15. On behalf of the Registrant, the Panel was provided with a bundle of documents which included his initial response letter; testimonials from a number of placements where the Registrant had been placed by his agency; and a chronology of events detailing his account. The Registrant also gave evidence on oath.
16. The Panel heard and accepted the advice of the Legal Assessor. In respect of the facts, the Panel understood that the burden of proving each individual fact is on the HCPC, and that the HCPC will only be able to prove a particular fact if it satisfies the required standard of proof: namely the civil standard, whereby it is more likely than not that the alleged incident occurred.
17. The Panel considered the evidence of the witnesses.
18. The Panel considered that Colleague A was a credible witness who was doing her best to assist the Panel, but it was mindful that there were some inaccuracies in what she had recorded. As a result the Panel found Colleague A to be confused about dates. Some of her confusion stemmed from her witness statement not always being in accordance with the contemporaneous supervision notes, and some of which stemmed from her having inaccurately recorded dates in the minutes for the meeting of 28 September 2017. The Panel found her to be open about those errors, and it considered that she had been consistent in her narrative of events and the order of them.
19. In respect of the Registrant, the Panel found him to be a credible witness who was open about his actions on the relevant dates.
On or around 27 September 2017, you stated during a discussion with Colleague A that you had visited Service User A on or around 27 September 2017, which was not the case
20. The Panel finds particular 1 proved.
21. The Panel had regard to the record which Colleague A had made of the discussion between her and the Registrant on 27 September 2017, a copy of which had been provided to the Panel. This had been documented on a ‘Record of Personal Supervision’ template, Colleague A had clarified in her oral evidence that it was not a supervision session, but a discussion. The Panel was satisfied that Colleague A had made the record shortly after the discussion.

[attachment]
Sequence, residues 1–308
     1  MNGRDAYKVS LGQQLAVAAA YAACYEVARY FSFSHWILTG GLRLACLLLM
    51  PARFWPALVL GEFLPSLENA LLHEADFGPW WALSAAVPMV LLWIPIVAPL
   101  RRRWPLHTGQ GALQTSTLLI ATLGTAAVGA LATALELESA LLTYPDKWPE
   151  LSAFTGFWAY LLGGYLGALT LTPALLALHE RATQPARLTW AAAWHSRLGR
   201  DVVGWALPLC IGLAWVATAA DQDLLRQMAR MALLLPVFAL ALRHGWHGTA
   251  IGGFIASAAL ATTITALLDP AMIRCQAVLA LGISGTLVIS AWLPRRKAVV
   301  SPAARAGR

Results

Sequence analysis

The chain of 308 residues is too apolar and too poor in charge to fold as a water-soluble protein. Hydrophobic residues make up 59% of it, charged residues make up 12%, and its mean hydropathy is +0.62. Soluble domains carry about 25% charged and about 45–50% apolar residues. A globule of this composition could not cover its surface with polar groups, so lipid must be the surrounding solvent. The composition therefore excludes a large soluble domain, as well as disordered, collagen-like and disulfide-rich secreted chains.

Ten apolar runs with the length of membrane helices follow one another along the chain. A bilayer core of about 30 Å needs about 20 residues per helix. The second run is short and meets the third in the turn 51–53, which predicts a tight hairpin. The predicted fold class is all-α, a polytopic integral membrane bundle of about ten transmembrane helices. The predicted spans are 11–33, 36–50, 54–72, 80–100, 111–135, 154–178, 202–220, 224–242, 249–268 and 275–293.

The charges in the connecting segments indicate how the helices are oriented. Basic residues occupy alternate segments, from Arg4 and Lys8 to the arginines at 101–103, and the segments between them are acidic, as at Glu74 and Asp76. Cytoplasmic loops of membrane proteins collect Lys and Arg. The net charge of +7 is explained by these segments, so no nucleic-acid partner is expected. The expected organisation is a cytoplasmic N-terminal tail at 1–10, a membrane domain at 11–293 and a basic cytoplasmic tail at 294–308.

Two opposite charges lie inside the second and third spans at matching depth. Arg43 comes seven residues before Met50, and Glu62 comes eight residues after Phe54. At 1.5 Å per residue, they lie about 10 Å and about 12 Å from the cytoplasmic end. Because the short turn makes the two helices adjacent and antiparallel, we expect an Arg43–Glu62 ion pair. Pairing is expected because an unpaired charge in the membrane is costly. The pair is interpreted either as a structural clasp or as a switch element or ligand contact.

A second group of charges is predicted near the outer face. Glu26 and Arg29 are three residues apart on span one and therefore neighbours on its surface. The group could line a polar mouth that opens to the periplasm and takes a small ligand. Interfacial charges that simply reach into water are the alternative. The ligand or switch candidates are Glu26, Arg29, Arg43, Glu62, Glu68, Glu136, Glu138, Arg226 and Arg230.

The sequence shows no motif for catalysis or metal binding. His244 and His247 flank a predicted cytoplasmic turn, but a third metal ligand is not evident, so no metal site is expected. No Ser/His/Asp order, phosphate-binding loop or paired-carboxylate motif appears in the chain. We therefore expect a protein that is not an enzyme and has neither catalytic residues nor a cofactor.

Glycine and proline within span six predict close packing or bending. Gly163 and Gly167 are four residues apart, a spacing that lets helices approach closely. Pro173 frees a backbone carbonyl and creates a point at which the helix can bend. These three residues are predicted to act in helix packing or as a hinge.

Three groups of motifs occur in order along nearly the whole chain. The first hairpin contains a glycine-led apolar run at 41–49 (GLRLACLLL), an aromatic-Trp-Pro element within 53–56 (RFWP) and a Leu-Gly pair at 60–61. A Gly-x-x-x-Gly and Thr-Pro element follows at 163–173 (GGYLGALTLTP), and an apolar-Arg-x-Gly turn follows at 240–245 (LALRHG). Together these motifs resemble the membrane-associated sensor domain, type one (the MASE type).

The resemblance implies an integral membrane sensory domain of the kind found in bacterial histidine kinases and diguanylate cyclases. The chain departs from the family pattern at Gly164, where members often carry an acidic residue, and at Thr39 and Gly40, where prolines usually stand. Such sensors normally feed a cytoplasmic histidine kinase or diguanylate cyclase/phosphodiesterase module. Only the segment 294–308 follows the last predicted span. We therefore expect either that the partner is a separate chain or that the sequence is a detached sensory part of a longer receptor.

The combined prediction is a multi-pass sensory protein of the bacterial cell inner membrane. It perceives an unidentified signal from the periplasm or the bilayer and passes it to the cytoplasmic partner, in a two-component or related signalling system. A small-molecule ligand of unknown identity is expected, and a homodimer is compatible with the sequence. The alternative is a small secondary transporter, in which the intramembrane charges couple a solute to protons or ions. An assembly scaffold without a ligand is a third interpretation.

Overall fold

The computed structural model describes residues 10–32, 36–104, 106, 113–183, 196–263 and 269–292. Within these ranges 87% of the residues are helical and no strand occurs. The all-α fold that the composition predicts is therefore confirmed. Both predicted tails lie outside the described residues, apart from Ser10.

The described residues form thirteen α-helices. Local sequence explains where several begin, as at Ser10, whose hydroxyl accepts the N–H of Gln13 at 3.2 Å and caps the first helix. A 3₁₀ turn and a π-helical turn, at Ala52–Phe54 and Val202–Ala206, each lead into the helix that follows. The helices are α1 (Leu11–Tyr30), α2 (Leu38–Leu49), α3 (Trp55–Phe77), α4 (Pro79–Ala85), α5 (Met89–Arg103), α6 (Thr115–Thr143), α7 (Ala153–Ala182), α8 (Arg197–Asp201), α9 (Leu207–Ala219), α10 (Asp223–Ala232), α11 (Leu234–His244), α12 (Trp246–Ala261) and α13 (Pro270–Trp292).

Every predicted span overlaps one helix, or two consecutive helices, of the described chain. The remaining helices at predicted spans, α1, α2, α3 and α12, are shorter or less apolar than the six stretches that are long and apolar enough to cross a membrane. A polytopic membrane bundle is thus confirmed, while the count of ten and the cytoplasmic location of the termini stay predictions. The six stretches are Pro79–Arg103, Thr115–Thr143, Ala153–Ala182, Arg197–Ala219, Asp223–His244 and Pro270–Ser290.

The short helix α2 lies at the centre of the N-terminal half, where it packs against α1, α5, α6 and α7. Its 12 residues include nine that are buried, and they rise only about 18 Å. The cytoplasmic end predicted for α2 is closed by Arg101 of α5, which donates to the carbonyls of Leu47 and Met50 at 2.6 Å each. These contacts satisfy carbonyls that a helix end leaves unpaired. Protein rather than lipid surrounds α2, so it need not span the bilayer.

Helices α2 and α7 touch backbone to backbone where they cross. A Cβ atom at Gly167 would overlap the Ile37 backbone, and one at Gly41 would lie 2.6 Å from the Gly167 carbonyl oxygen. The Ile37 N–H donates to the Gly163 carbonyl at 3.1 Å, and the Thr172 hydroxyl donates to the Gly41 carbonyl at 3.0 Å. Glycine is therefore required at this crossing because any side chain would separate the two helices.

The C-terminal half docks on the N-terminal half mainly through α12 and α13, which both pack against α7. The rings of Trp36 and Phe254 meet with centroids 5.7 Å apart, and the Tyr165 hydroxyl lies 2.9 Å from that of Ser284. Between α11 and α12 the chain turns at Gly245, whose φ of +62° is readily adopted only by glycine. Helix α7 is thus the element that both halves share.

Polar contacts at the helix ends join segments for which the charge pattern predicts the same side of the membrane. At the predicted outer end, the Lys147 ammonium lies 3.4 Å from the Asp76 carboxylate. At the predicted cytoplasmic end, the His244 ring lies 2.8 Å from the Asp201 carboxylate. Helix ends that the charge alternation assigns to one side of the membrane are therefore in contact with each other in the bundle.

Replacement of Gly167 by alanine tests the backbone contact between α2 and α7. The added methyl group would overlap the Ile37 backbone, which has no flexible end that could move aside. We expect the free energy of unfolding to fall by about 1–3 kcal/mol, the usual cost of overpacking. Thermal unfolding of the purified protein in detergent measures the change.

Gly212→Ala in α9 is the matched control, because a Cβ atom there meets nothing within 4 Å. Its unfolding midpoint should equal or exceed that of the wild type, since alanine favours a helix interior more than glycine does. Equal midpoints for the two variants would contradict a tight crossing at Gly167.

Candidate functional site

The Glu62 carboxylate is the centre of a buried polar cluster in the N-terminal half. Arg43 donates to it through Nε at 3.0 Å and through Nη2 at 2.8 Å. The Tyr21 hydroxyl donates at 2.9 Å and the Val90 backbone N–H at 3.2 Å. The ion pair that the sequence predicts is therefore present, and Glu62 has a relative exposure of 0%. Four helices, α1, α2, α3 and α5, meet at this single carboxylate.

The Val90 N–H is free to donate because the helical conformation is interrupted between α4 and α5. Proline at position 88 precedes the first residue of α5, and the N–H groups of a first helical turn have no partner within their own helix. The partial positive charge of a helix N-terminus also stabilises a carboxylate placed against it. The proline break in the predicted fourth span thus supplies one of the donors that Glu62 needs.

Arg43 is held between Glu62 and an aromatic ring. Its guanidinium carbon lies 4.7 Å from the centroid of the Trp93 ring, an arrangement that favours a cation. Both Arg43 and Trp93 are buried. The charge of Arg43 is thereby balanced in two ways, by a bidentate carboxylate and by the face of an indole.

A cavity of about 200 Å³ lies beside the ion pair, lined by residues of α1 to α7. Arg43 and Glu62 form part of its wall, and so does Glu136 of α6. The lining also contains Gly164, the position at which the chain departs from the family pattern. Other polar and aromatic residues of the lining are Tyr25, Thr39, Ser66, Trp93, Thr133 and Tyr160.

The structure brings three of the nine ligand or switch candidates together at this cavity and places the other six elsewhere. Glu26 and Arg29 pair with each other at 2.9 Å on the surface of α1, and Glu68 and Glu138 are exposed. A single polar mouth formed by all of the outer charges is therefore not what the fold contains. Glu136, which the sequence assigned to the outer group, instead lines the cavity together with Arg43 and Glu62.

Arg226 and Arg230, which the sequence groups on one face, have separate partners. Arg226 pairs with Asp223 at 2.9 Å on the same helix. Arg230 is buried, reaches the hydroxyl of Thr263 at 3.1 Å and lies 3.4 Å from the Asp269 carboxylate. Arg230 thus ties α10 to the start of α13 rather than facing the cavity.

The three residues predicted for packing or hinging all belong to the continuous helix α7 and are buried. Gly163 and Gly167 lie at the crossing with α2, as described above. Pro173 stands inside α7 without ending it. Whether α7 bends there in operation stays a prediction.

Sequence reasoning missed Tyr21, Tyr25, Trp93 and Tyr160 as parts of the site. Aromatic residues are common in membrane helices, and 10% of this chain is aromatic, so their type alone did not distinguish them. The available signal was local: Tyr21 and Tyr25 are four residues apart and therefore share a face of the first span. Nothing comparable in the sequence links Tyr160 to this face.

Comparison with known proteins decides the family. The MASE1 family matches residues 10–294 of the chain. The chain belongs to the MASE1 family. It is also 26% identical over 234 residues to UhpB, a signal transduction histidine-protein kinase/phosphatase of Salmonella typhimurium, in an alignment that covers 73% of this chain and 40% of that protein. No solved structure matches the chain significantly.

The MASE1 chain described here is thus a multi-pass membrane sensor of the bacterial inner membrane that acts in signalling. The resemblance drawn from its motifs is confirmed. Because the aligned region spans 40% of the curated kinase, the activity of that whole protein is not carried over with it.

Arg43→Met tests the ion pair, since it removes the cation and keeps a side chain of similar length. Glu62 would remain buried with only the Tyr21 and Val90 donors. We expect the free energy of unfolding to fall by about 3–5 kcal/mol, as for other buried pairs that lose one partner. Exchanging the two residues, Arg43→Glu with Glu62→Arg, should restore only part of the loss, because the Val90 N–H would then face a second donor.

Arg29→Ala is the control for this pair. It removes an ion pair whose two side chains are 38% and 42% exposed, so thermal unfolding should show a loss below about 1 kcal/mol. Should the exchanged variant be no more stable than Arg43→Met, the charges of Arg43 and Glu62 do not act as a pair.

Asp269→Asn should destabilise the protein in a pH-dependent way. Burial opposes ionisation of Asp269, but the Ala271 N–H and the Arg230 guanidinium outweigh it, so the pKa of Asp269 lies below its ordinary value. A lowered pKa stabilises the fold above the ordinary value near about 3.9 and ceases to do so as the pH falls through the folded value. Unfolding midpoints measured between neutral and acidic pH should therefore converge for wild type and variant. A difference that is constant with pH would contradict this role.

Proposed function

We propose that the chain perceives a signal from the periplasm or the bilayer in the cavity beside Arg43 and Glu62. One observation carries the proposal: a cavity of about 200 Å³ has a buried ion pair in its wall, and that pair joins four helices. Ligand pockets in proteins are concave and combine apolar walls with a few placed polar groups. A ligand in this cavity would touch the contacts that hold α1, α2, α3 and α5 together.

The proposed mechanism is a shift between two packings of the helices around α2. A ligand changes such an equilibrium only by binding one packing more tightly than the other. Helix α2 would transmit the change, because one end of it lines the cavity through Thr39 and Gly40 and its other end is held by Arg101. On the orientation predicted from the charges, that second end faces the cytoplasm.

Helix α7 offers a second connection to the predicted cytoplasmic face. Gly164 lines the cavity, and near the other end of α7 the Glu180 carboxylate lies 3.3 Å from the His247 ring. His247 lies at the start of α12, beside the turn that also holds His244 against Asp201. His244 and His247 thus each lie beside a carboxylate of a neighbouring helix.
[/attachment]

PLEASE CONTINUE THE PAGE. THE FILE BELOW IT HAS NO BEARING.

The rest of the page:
22. In the record of this discussion, it states that the Registrant ‘contacted CLO to advise he was visiting Child A family.’ The record then states that Colleague A questioned the Registrant about the need to visit Service User A, given that the previous day in supervision he ‘did not advise of further visits required’. The record states that the Registrant needed to clarify information with the mother and also needed to see the child.
23. At the outset of the hearing, the Registrant admitted particular 1. In evidence, he admitted that he had lied to Colleague A in the discussion when he said that he had visited Service User A. He explained that he had been really upset by an earlier discussion with Colleague A that day about being required to complete his outstanding write ups by 4pm, as he would be covering ‘Duty’ for the next two days. He felt that he was being pressured to finish quickly in order to cover the ‘Duty’. He said that he was angry and upset as he felt he was being treated unfairly, so he took a lunch break lasting 1 ½ hours, telephoning the CLO to say that he was visiting Service User A. The discussion with Colleague A occurred on his return to the office on 27 September 2017 and was somewhat confrontational. In the heat of the moment he said that he had gone to visit Service User A, and when asked why, he had said that he needed to return as the child had been asleep on his previous visit. The Registrant subsequently confirmed that the child had not been asleep on his previous visit.